Building Inclusive Work Places - Celebrating 12+ Years of Collaboration between the Irish Civil Service and AHEAD
Tuesday, 4th December 2018
The document, Building Inclusive Work Places - celebrating 12+ years of collaboration between the Irish Civil Service and AHEAD, was launched on the 6th December in the National Gallery by Minister Paschal Donohoe.
Today, and against the backdrop of the changing make-up of Irish society, the development of inclusive frameworks is critical to success in business and cohesion in society. A key priority of the Civil Service People Strategy, launched last year, is to strive to make the Civil Service an employer of choice while ensuring that the Civil Service has a diverse workforce more reflective of Irish society.
This publication gives a snapshot of the efforts made over the preceding 30 years by the State to address the barriers people with disabilities face in accessing education and employment. AHEAD introduced the Willing Able Mentoring (WAM) programme in 2005 as one such Initiative to raise awareness of the obstacles this cohort faced. Currently funded by the Department of Employment Affairs and Social Protection (DEASP) WAM is designed to assist graduates with disabilities make the transition from third level education into the world of work.
Louis Watters, Assistant Principal, Legal Services, Department of Agriculture, Food and the Marine, and previous WAM graduate, wrote the forword for the publication and spoke at the launch.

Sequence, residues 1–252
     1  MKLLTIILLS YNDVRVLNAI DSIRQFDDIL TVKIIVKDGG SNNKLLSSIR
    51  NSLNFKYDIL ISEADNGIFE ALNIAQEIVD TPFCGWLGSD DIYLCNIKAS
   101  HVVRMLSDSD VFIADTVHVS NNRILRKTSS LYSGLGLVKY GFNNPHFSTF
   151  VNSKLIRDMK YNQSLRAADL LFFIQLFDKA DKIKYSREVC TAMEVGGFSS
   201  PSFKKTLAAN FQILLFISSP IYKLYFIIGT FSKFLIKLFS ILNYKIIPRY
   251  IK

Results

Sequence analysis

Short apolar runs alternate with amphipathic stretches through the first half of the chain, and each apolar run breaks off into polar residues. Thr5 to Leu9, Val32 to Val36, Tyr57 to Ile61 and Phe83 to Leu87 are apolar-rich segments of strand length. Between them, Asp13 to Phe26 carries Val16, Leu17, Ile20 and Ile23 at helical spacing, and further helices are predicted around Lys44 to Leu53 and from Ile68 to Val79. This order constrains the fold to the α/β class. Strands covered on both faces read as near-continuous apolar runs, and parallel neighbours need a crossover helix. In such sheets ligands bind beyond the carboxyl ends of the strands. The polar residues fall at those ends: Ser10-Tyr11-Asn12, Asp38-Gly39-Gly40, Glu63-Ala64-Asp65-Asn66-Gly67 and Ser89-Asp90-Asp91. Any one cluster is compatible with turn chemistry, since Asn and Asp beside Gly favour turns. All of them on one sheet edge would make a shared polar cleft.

'In 2005, having watched my fellow graduates secure employment, and like so many graduates with a disability, frustrated with my own employment prospects, I happened to attend a career fair in the
Mansion House where AHEAD had a stand. It was there that I learned of the inaugural Willing Able Mentoring (WAM) initiative. I submitted an application and subsequently was offered a 6 month mentored placement with the Department of Agriculture. On completion of my placement, I applied for a permanent role with the Civil Service and returned to Agriculture as a Clerical Officer. Over the following years, I gradually gained promotion to the role of Assistant Principal where I am today.
Looking back, I have to say that we have come a long way since those early days of the WAM initiative. I welcome the publication of this document. It highlights some of the successes that the WAM project has achieved over the past 13 years, 13 years that included the most severe downturn that the state has experienced. A decade of contraction within the Civil Service. Yet, in that time, the WAM initiative has placed 170 graduates with disabilities throughout the Civil Service.'
David Cagney, Chief Human Resources Officer for the Civil Service, welcomed the launch of this publication:
'It is with great pleasure that I welcome this publication which celebrates over 12 years of collaboration between AHEAD and the Civil Service on the WAM programme.
The Civil Service is ver proud of its engagement with the WAM programme. Over the 12+ years, 170 graduates have gained valuable work experience in the Civil Service, and in turn, the Civil Service has gained much from the graduates' contribution to and participation in our workforce. '